Riders Of Last Shadow – Hunting From A Helicopter
Nicholas Chen 03.25.21
Hunting coyotes and hogs is challenging and fun, but do you want to kick it up a notch? Hunting from the sky is on a whole other level. We got an opportunity of a lifetime to meet up with the wonderful people of Last Shadow in Temple, Texas who took us for a magic carpet ride. We got to experience hunting from the sky in a helicopter.
Toruk Makto: Riders Of Last Shadow
For those of you nerdy enough, you may recognize the company name, Last Shadow. It is a reference to aerial hunters, but it is also a reference to James Cameron’s block buster hit movie, Avatar. In Avatar, there is a large winged animal that is the king of the skies. The natives call it Toruk which means Last Shadow, and Toruk Makto is a rider of Last Shadow. Thanks to Last Shadow we were able to take our hunting to the skies. Last Shadow is an aviation company based in Temple, Texas. They focus on hunting excursions using their MD600N helicopter.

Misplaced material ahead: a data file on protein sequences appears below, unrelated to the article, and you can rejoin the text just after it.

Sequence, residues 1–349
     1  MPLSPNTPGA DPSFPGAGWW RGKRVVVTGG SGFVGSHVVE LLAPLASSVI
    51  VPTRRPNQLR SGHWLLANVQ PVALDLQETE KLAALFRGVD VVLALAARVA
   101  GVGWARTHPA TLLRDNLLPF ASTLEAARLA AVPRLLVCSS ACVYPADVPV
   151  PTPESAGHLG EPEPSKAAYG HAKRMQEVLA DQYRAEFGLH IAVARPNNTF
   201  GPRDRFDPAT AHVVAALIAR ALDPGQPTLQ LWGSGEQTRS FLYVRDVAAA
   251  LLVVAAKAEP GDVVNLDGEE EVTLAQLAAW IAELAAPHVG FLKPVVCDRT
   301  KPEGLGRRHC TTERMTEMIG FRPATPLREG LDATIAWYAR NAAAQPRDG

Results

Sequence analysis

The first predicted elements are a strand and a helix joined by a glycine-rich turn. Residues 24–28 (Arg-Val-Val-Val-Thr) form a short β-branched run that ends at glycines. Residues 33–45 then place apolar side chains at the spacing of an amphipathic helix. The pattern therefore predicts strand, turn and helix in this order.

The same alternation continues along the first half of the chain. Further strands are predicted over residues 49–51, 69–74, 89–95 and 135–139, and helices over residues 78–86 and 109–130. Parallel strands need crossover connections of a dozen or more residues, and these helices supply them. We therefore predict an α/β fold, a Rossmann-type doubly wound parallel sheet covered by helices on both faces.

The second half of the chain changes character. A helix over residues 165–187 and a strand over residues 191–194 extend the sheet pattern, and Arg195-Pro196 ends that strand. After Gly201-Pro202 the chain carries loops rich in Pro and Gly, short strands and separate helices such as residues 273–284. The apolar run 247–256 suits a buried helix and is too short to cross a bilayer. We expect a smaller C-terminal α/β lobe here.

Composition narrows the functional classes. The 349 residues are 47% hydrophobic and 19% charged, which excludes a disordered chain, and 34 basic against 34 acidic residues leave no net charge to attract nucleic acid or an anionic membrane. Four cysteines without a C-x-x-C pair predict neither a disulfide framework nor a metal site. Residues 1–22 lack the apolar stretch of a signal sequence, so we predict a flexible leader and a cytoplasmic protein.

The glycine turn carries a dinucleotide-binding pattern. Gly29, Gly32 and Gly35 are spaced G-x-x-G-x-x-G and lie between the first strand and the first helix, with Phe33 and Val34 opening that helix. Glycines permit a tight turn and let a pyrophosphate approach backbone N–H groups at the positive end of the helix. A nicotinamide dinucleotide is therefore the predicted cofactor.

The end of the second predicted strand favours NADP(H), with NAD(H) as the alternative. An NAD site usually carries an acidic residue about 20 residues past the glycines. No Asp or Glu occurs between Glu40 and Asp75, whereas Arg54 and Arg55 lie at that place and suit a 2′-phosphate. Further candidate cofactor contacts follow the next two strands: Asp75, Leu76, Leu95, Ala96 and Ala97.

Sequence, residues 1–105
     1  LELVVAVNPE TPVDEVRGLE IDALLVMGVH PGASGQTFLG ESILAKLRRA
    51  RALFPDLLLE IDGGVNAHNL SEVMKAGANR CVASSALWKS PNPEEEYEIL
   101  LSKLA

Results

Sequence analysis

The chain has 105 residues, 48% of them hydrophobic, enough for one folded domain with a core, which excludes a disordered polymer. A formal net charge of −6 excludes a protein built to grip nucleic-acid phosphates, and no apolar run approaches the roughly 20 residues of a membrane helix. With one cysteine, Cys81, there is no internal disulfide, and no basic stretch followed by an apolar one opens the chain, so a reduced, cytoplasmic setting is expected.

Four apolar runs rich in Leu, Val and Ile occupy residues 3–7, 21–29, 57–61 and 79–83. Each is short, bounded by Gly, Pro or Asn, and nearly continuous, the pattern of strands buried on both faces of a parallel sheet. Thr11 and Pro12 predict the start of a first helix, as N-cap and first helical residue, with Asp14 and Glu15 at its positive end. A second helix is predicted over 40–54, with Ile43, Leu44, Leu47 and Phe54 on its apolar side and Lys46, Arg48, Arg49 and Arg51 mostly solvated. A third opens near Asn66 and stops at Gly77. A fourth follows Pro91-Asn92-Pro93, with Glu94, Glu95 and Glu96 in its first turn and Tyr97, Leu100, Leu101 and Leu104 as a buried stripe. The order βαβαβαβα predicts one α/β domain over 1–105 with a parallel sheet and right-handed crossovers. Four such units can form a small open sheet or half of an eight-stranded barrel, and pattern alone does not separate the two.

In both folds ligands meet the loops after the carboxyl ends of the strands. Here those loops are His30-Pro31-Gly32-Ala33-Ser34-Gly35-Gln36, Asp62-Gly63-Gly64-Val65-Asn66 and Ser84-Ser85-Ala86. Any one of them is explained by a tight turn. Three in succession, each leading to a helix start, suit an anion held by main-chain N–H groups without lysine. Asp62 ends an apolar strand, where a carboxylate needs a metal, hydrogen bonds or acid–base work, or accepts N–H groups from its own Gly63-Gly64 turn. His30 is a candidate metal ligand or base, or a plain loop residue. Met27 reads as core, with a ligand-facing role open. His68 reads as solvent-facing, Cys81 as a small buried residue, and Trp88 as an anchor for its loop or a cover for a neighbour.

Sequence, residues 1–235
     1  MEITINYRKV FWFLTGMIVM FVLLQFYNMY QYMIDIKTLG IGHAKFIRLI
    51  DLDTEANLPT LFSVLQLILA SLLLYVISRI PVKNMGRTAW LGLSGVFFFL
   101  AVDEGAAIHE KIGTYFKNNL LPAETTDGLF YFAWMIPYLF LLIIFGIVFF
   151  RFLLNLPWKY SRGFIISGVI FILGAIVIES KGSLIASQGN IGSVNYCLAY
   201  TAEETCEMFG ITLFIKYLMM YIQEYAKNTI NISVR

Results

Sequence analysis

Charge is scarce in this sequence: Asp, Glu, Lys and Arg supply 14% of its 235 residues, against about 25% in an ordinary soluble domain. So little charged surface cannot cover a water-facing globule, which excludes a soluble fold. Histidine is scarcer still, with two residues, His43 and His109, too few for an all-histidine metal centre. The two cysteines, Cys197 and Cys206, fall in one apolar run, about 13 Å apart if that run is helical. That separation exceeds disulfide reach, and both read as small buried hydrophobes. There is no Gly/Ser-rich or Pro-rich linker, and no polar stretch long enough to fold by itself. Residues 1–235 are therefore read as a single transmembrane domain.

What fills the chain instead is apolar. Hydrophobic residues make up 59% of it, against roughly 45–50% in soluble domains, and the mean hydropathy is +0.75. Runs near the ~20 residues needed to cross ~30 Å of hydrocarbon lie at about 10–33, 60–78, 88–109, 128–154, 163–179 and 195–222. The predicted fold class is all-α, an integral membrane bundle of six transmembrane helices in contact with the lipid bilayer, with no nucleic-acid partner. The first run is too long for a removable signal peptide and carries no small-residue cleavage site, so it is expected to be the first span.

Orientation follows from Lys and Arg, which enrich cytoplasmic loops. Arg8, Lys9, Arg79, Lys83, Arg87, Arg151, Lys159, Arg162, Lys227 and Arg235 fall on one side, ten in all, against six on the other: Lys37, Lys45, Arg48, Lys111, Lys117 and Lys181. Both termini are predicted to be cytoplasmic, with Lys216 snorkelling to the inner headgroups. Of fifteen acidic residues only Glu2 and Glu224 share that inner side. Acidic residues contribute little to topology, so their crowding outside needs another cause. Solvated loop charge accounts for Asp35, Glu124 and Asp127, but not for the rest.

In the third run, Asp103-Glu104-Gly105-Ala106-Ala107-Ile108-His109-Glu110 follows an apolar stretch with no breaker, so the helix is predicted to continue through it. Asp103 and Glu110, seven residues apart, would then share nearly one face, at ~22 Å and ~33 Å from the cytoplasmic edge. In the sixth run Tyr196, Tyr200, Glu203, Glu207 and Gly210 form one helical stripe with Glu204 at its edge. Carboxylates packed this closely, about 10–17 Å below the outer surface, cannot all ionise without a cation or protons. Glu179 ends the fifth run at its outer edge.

At first glance the MD600N helicopter looks rather spacious. There were three shooters, Me, Ryan Ogborn of TFBTV and his friend Garrett Sayger. Garrett is an avid hunter, but just like Ryan and I, he has never hunted from the sky before. Both Garrett and I are 6 ft tall. Ryan is no slouch either, but he is skinnier than Garrett or I. Once we got into the cabin of the MD600N we found it rather tight. More about this later.
Hunting From Helicopters For Beginners
To preface this article, while I am experienced with shooting a firearm, I am a novice when it comes to hunting. I have hunted on occasion as a kid with my father when we went dove hunting in SoCal and Arizona, but that is not the same as hunting ground animals and certainly nothing like hunting them from the sky. We were given some basic safety instruction regarding using firearms in the helicopter.